If you’ve ever sighed “Ahhh” at a flock of young lambs and then gone off to gnaw on some of their shanks for your lunch, you’re a living example of the meat paradox. Animals elicit empathy and we don’t wish them harm. But the vast majority of us still kill and eat them, or at least kill their male young and take their milk.
Rob Percival, head of policy at the Soil Association, sets out to unpack this paradox in a discomfiting book that delves into our complicated relationship with meat. Percival takes as his cue a 2016 paper by the psychologists Brock Bastian and Steve Loughnan that focuses on the dissonance this love/eat relationship creates.
Human beings are not short of strategies to deal with it. Farmers imagine an implicit contract in which we look after animals and they in return give us their corpses. The North American Cree tell themselves that the reindeer give themselves to the hunter out of generosity.
For most consumers the most effective tactic is simply not to think about it. This is especially useful if the animals you eat are reared in intensive factory farms. You really don’t want to be thinking of a sow who can’t even turn in her crate when tucking into a bacon sandwich. “It’s not that we eat lots of industrially farmed meat because we are ignorant of what really happens,” says Percival, “rather we are wilfully ignorant because we eat lots of meat.”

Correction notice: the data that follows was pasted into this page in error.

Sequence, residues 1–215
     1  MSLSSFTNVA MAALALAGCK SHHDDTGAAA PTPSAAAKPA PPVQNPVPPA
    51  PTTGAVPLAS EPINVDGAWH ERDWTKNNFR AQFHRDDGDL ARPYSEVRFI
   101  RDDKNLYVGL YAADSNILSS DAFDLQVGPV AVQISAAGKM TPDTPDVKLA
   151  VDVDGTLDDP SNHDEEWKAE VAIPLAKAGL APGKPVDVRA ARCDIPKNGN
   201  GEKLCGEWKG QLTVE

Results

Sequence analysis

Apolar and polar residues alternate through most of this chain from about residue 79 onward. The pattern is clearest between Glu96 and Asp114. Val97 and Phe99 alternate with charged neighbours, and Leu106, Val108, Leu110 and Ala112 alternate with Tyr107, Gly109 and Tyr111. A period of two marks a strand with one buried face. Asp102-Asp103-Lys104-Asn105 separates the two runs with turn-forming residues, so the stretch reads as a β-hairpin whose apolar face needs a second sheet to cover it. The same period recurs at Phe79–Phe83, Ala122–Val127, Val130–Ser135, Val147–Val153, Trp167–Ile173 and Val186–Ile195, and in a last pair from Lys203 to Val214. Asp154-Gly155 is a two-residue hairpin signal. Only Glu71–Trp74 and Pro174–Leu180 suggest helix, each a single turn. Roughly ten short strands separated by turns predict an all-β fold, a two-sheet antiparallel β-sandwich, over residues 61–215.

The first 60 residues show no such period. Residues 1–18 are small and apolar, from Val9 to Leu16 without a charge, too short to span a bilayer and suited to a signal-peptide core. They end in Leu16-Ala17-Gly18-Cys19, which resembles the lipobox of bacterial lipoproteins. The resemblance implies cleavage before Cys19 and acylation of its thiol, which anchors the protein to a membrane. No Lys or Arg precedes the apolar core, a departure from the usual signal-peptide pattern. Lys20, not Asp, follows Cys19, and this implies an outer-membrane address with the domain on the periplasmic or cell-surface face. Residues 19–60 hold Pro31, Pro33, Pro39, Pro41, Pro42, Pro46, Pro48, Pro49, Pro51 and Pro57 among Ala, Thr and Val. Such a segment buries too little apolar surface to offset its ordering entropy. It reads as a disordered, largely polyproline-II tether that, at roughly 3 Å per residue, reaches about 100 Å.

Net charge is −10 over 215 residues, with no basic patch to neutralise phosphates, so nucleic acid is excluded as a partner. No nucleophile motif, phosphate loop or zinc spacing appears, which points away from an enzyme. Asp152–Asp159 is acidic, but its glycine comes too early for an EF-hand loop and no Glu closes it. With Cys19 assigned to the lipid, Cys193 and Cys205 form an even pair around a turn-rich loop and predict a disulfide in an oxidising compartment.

He challenges many of the claims made by those who think they can escape the paradox by simply avoiding meat and dairy. He picks apart the idea that a natural human diet is vegan. For the past 1.8m years – since the time of Homo erectus – meat has formed an important part of our diets, and until recently we just couldn’t have got the iron, zinc, vitamin B12 and fatty acids we needed without it.
However, Percival is not always so rational. At one point he announces that “there is a word for what we do to these animals, those that we consume. Murder.” A whole chapter on “murder” follows, yet he never provides an argument for why this is the right word to use for animal slaughter.
He doesn’t seriously consider the possibility that there is no irresolvable paradox after all, just an uncomfortable tension, as there always is in the interdependence of life and death. So when he meets Alex, a farmer who says, “I can rear an animal with love, and I can kill it,” he just doesn’t know what to make of him.
Alex challenges Percival’s claim that “the dissonance generated by the paradox is too potent to be processed”. Perhaps that’s why Percival comes to no clear conclusion about whether we should still be eating meat today. Still, his provocative book presents a challenge that most haven’t even begun to confront – and few are ready to meet.